She said Biden wouldn’t at look her or at McCollum’s wife in the eye. Instead, she said, he looked down and showed no sympathy.

“It was more about his son,” Mr. McCollum said. “My son wasn’t mentioned. It was his son and about him.”

Mr. McCollum’s ex-wife, who lives in Montrose, Colorado, was much more caustic in her remarks about President Biden, telling interviewers that he was a “dementia-ridden piece of crap.”

Between sobs, she told talk show host Andrew Wilkow that her son “died in vain.”

“This was as unnecessary debacle which could have been handled properly,” she said.

The McCollum family was welcomed back to Jackson, Wyoming, on Monday afternoon by hundreds of well-wishers who lined Broadway Avenue in Jackson to watch the emotional motorcade.

“Welcome home to a hero’s family,” U.S. Sen. Cynthia Lummis said on Twitter. “My heart hurts for your family. My prayers join the chorus. I don’t have the right words so just thank you from me, Wyoming, and from an eternally grateful nation.”

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Crowds Welcome Slain Wyoming Marine’s Family Back to Jackson

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Video: Courtesy The Wort Hotel

By Jimmy Orr, Cowboy State Daily

Hundreds of people lined Broadway Avenue in Jackson on Monday afternoon to welcome the family of a Wyoming Marine who died in a terrorist attack at the Kabul airport in Afghanistan on Thursday.

Members of the Jackson Police Department, the Teton County Sheriff’s Office and the U.S. Marine Corps escorted the father of Lance Cpl. Rylee McCollum, Jim, and Rylee’s two sisters, Cheyenne and Roice, through the community at 3:40 p.m. after their trip to Washington, DC over the weekend.

The family was attending a ceremony at Dover Air Force Base in Delaware where the bodies of the 13 servicemen killed in the attacks were returned to the U.S. in a military service called a “dignified transfer.”

Onlookers waved flags and applauded in an effort to show support for the family.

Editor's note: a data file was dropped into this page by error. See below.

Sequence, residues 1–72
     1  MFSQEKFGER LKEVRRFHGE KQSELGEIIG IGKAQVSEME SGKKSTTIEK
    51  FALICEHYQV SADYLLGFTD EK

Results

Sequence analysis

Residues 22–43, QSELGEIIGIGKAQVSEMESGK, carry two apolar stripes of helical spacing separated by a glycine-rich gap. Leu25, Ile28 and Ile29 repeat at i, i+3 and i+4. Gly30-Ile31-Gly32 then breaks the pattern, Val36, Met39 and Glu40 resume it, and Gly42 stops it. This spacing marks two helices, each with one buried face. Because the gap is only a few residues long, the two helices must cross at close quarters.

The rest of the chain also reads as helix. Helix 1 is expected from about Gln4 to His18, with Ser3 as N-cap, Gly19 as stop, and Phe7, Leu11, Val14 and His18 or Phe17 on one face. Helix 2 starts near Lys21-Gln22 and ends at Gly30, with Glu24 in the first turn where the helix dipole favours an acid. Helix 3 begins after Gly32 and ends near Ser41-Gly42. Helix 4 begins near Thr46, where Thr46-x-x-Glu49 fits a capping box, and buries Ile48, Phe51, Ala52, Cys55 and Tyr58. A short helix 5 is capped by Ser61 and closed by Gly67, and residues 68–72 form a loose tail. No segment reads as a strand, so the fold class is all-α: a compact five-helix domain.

Earlier in the day, Jim McCollum told a Facebook friend that his son would be returned to the Jackson area “for his last trip home” sometime in the immediate future.

“The process has started but no definitive time-line yet,” Mr. McCollum said.

The elder McCollum also posted a tribute video made for his son by a friend on his Facebook page. The video showed many pictures of Rylee and his sisters growing up in the Jackson area.

U.S. Sen. John Barrasso told FOX News on Monday evening that he spoke with Jim McCollum earlier in the day and was told Rylee was “red, white, and blue from the beginning.”

“He joined the Marines on his 18th birthday,” Barrasso said.  “He leaves behind a wife who is pregnant with their first child next month.”

“His Dad ended our conversation by saying, ‘Tonight, Rylee is guarding the gates of Heaven,'” he added.

Jim McCollum, however, did not speak with President Joe Biden, who attended the transfer ceremony in Dover, Massachusetts. McCollum and his family walked out when Biden entered the room.

McCollum’s daughter, Roice, told the Washington Post that this was because they blamed the president for her brother’s death.

“You can’t f— up as bad as he did and say you’re sorry,” Roice McCollum said. “This did not need to happen, and every life is on his hands.”

Jiennah McCollum, the wife of the late Marine, did meet with Biden briefly but reportedly left disappointed because she felt he was following a script.

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Slain Wyoming Marine’s Family Walked Out on Meeting With Biden

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By Jimmy Orr, Cowboy State Daily

The family of the Wyoming Marine killed in a terrorist attack on Thursday refused to meet with President Joe Biden following a solemn ceremony at Dover Air Force Base in Delaware on Sunday.

Roice McCollum, sister of Lance Cpl. Rylee McCollum, said the family did attend the ceremony — known as the “dignified transfer” — but ultimately decided not to meet with the president because they held him responsible for the Marine’s death.

“You can’t f— up as bad as he did and say you’re sorry,” Roice McCollum told the Washington Post. “This did not need to happen, and every life is on his hands.”

Jiennah McCollum, the wife of the late Marine, did meet with Biden briefly but reportedly left disappointed because she felt he was following a script.

FOX News reported that “the family felt the president’s conversation with Jiennah was hollow and lacking meaning, and said Biden appeared to show a ‘total disregard to the loss of our Marine.’”

The White House would not comment on the private conversations the president had with the families.

Meanwhile, McCollum’s father on Sunday posted an original poem on his Facebook page, which reads: